Babyteeth, the debut feature of alumna Shannon Murphy (Graduate Diploma in Directing, 2013) has wowed critics after its world premiere in Official Competition at Venice Film Festival.
In addition to receiving rave reviews, one of the film’s lead actors, Toby Wallace has taken home the Marcello Mastroianni prize for his performance in the feature.
The feature, which screened in Official Competition at the festival, showcases the work of several AFTRS alumni, including producer Alex White (Graduate Certificate in Producing, 2011), cinematographer Andrew Commis (Master of Arts – Film & TV Cinematography, 1998), production designer Sheree Philips (Graduate Diploma in Production Design, 2012), composer Amanda Brown (Graduate Certificate in Screen Composition, 1999) and 2018 Master of Arts Screen: Production Design graduate Laura Anna Lucas who was selected by Screen NSW (Create NSW) for a six-week paid design assistant position on the film.
Adapted by Rita Kalnejais from her Belvoir Theatre play, starring Ben Mendelsohn, Essie Davis and Eliza Scanlen, the drama centres around a terminally ill teenage girl who, determined to live her life to the full, begins to clash with her protective parents.
Indiewire’s David Ehrlich said “It keeps you on your toes from the moment it starts, brings together a winsome but wounded group of people who are all struggling to slay the “tiny gods” in their heads, and then forces them through an ordeal that might just break their hearts. And yours.”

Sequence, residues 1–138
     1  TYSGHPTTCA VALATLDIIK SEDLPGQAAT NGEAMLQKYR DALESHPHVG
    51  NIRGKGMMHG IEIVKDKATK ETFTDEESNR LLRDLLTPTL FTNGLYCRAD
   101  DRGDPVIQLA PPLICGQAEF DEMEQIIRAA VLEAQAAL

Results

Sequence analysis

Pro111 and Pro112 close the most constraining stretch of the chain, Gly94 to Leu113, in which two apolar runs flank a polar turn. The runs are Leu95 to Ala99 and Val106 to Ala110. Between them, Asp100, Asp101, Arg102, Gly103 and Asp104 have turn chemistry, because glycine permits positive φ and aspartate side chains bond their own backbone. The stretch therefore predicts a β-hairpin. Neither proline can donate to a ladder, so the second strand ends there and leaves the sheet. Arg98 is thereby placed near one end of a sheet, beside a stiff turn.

Guy Lodge of Variety praised it as “The most youthful and surprising entry in this year’s Venice competition”, saying the film “arrives fully formed in its bite, with a balance of fluorescent stylistic edge and broad emotional accessibility.”
Lee Marshall of Screen Daily called the feature a “funny, affecting group portrait, a comedy-tinged family drama” and commended Scanlen’s performance, saying the actor “lends Milla a self-sufficient strength and willful contrariness that keeps flickering into vulnerability and despair”.
The Hollywood Reporter’s David Rooney said that Murphy and the characters “become attuned to the melancholic inner lives of the people onscreen and the movie benefits immeasurably, with a series of concluding chapters that deepen our access to the characters’ emotional experience and make the loss they face genuinely affecting.”
He linked Babyteeth to a line of iconic Australian works (some of which, made by our alumni): “The film can loosely be tied into a lineage of Australian cinema from the late ’80s and into the ’90s, centered around idiosyncratic young female protagonists who march to the beat of their own drum — Sweetie, Celia, Muriel’s Wedding, Love Serenade — even if the endgame for Murphy is more sorrowful.”
The feature’s success comes just before Shannon Murphy, whose previous credits include directing television dramas Offspring, Love Child and Sisters, is set to board BBC’s Killing Eve to direct season three.
The film was backed by Screen Australia in association with Create NSW with support from WeirAnderson.com, Whitefalk Films, Jan Chapman Films and Spectrum Films and will be released via Universal Pictures in Australia and New Zealand.